Journalists of the edition ZDNet reported that cybersecurity researcher Bank Security, specializing in financial crimes, discovered on a Russian-language hacker forum a list of IP addresses and credentials for 900 corporate Pulse Secure VPN servers.
KELA reporters and researchers verified the authenticity of the data, making sure it was not fake. It turned out that the information is real, and the list includes:
- Pulse Secure VPN server IP addresses
- Pulse Secure VPN server firmware versions;
- SSH keys for each server;
- a list of all local users and their password hashes;
- data from the administrator account;
- Last VPN logins (including usernames and passwords in clear text)
- VPN session cookie.
A well-known Russian-speaking Threat Actor shared details of over 1800 IPs vulnerable to the latest Pulse CVEs.
For each IP the actor shared many details including user & administrator clear-text credentials.
Big Banks and notable organizations are on the list.
🔥PATCH NOW! 🔥 pic.twitter.com/QqyPBG17Mq
– Bank Security (@Bank_Security) August 4, 2020
Bank Security notes that all Pulse Secure VPN servers on this list use firmware that is vulnerable to a known issue CVE-2019-11510… The expert believes that the compiler scanned the IPv4 address space for Pulse Secure VPN servers and then accessed them using an exploit for the CVE-2019-11510 vulnerability against them. As a result, the attacker got to the information about the servers (including usernames and passwords) and collected this data in one place. Based on the timestamps, the dates for these scans range from June 24 to July 8, 2020.
ZDNet journalists also consulted with Bad Packets specialists, who have been monitoring the problem of vulnerable Pulse Secure VPN servers since August 2019, that is, since the publication of data on the vulnerability CVE-2019-11510. The experts said that of the 913 unique IP addresses presented in the dump, 677 had already been marked by them as vulnerable to the CVE-2019-11510 bug.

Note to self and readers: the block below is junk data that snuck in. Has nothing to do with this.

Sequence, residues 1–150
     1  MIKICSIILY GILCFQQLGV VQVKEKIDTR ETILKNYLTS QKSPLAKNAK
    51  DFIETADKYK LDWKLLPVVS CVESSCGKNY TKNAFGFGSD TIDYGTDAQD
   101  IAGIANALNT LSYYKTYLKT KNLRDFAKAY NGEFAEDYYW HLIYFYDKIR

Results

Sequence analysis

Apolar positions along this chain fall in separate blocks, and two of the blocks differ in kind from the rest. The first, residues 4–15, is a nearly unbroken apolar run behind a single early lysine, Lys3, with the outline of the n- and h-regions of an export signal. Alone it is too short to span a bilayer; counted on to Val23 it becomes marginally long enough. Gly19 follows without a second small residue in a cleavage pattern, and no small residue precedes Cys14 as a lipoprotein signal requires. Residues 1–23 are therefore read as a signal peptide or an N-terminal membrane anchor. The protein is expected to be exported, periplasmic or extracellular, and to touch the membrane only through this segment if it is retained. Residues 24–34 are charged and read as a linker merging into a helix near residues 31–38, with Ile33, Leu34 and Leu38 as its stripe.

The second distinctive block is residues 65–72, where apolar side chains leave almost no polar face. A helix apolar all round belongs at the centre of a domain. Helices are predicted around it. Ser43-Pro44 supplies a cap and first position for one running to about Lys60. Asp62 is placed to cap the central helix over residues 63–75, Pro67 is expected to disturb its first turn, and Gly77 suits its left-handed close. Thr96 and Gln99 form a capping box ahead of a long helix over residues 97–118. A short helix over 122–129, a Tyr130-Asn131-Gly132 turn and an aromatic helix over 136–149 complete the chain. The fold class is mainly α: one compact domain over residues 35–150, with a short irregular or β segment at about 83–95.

Thus, it turns out that 677 companies have not yet installed patches, although the Bad Packets experts carried out the first scan in search of vulnerable servers back in June 2019. The researchers note that even if these companies install the patches now, they will still need to change passwords so that hackers do not use the leaked data to hijack devices and then develop attacks on internal networks.
Journalists note that the list of vulnerable servers was made public on a hacker forum, where representatives of such well-known ransomware hack groups as REvil (Sodinokibi), NetWalker, Lockbit, Avaddon, Makop and Exorcist often visit. Many of these groups infiltrate corporate networks through various vulnerable peripherals (such as Pulse Secure VPN servers), then deploy ransomware across companies' networks and demand huge ransoms from victims.